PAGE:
If live sheep exports to the Middle East do not resume soon, nations with lower animal welfare standards could fill the gap, West Australian Premier Colin Barnett has warned.
About 75 per cent of Australia's live sheep trade comes from WA, where exports remain in limbo after the federal government stopped issuing permits last week.
The halt in export licences followed Bahrain's rejection of a shipment of live sheep from Australia amid disease concerns and an apparent cull of the animals after they were moved to Pakistan.
While Karachi announced the 21,000 sheep would be destroyed after testing positive for salmonella and actinomyces, Australia's Department of Agriculture, Fisheries and Forestry said there were conflicting reports about the cull.
On Sunday, Mr Barnett warned if the trade did not resume soon, other export nations would step in and WA farmers would be hit hard.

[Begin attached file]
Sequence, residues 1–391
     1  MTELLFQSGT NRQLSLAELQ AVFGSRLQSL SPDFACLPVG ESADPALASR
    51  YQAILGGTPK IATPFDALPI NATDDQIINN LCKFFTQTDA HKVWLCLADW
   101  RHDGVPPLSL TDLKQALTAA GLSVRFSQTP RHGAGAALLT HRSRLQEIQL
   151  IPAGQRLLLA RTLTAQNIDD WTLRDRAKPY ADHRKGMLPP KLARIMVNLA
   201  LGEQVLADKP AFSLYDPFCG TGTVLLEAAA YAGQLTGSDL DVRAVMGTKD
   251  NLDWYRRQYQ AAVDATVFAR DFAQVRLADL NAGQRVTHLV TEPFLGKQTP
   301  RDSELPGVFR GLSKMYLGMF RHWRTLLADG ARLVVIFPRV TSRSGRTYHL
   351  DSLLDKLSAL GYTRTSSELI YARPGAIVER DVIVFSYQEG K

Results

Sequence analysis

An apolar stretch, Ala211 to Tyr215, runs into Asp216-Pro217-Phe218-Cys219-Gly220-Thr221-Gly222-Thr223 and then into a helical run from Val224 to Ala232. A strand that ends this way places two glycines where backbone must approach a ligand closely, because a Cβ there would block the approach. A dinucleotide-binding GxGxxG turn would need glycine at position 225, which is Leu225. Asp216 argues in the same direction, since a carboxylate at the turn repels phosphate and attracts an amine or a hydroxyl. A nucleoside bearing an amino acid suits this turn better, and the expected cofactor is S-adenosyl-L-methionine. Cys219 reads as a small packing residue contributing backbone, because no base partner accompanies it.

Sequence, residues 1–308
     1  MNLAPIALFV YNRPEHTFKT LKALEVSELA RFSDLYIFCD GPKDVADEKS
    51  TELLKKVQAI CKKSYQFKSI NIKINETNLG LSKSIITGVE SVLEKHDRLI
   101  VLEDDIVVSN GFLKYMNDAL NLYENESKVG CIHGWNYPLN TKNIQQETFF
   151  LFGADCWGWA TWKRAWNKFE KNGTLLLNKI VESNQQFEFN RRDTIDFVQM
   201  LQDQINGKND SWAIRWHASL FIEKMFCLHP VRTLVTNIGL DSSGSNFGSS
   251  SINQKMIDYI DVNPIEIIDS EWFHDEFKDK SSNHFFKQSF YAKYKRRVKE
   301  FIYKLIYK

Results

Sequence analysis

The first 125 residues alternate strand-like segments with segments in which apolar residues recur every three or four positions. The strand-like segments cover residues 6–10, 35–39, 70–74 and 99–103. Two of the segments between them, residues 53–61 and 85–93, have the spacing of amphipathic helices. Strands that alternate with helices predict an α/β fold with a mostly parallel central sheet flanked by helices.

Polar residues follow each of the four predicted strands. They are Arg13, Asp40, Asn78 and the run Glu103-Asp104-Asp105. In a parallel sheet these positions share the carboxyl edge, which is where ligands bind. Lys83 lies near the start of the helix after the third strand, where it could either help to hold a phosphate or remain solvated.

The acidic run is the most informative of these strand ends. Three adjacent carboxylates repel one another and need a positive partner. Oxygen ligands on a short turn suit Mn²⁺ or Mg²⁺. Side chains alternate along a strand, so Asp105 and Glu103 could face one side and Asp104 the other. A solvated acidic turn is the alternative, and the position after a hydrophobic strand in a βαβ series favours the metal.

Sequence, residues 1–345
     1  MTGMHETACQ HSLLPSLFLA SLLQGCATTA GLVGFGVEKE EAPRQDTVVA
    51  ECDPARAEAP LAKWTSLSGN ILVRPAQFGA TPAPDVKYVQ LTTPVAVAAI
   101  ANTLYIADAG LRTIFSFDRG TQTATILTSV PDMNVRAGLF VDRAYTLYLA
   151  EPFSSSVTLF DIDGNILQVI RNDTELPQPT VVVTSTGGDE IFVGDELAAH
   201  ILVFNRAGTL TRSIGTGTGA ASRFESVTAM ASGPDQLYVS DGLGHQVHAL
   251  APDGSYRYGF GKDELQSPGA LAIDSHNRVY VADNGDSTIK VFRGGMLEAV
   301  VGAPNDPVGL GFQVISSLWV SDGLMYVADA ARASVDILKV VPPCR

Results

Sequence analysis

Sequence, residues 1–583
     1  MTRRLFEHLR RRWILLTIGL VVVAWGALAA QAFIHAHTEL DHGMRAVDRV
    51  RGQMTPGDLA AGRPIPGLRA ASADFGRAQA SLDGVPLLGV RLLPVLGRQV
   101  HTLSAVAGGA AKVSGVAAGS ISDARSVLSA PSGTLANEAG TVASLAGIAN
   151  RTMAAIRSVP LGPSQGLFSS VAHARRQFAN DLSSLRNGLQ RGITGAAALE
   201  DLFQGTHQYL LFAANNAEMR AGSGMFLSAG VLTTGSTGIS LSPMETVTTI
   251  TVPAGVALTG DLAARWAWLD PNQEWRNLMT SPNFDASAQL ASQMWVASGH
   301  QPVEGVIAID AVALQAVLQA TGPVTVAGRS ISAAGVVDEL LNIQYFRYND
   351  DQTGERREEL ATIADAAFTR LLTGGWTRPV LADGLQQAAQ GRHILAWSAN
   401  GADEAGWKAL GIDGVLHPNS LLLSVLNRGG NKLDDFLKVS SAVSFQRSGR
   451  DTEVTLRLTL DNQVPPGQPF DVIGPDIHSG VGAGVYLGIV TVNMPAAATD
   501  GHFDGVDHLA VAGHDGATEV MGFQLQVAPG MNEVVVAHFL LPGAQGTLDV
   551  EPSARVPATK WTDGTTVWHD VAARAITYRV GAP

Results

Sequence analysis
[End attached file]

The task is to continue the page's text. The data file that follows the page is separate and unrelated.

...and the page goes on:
"If Australia was to exit the market, all you would see is it replaced by sheep and cattle exports from other countries, countries that do not have the higher standards that Australia has," he told reporters.
Mr Barnett said he wanted to see greater deregulation of the industry, excluding the use of export permits, but added he thought the live trade was on the decline anyway.
"Over time, I think the live trade will probably reduce," he said.
"But that's only going to happen as the markets shift to a more Western style way of consuming meat."
Mr Barnett and WA Agriculture Minister Terry Redman were in talks with the Gulf states to increase their investment in WA sheep farming and abattoirs to promote the trade in refrigerated and frozen meat.
"I would hope that we would see abattoirs here and maybe the export of carcases, maybe more value-added product, and that is slowly evolving," Mr Barnett said.